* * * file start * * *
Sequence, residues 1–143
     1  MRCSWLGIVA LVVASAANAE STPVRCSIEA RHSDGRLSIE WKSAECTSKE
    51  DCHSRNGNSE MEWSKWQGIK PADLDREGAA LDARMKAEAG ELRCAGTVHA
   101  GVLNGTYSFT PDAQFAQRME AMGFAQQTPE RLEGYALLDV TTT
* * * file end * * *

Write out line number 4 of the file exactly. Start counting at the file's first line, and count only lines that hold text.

   101  GVLNGTYSFT PDAQFAQRME AMGFAQQTPE RLEGYALLDV TTT